Published online by Cambridge University Press: 03 May 2011
Introduction and aim of the chapter
The aim of this chapter is to demonstrate how the basic doctrine of humoral theory, with its applications, was disseminated and appropriated in early modern England. The early modern period provides a diversified picture of evolving practices of both professional and lay writing. The educational levels of authors and audiences varied, and we can expect multiple appropriations of basic cultural products like medical commonplaces that formed part of shared meanings, attitudes and values.1 They found expression in symbolic forms, such as performances, artefacts and texts (Harris 1995: 1). Matters of health are of general interest, and knowledge of the basic doctrines must have penetrated all layers of society in some form. Humoral theory was derived from learned science and originated in academic settings, but in the fifteenth century it became modified for broader audiences: details became less specific; simplified applications were added for everyday use; and the underlying text type often changed from expository to instructive (Taavitsainen 2005).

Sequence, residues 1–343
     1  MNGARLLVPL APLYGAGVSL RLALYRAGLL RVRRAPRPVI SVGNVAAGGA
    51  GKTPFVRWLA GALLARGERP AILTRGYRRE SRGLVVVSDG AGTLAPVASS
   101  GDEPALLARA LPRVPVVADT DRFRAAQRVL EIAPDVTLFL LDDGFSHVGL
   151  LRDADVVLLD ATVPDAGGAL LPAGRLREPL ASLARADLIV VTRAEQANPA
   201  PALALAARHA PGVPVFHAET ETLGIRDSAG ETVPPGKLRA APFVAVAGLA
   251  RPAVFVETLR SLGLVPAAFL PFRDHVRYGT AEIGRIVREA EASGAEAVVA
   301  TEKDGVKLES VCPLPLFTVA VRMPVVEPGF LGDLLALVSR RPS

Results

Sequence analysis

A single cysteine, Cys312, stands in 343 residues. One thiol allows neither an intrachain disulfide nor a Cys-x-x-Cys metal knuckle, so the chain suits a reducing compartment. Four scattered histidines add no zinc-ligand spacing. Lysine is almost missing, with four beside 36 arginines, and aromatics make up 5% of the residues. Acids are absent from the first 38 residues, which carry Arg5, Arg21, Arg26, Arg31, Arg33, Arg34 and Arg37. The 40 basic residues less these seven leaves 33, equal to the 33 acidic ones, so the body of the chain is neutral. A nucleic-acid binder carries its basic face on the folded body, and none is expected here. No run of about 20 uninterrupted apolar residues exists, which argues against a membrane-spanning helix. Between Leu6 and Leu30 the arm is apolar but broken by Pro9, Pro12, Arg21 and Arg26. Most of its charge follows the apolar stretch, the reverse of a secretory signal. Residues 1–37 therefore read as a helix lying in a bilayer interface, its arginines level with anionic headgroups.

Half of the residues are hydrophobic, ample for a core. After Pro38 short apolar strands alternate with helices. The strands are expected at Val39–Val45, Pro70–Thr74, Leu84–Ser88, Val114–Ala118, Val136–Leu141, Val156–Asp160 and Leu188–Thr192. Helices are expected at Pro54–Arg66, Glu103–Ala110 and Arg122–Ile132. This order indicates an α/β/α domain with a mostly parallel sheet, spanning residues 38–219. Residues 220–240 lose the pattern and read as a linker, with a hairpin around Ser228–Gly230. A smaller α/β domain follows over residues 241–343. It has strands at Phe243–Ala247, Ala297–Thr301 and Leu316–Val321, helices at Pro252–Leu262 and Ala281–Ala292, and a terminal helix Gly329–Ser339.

Meanings and attitudes are encoded in texts, and an analysis of semantic and pragmatic features of language use provides a means to probe into them. My point of departure is the occurrence of the lexical item ‘humour’ in different contexts, as its occurrences should reveal how the humoral theory was disseminated and appropriated in the early modern period.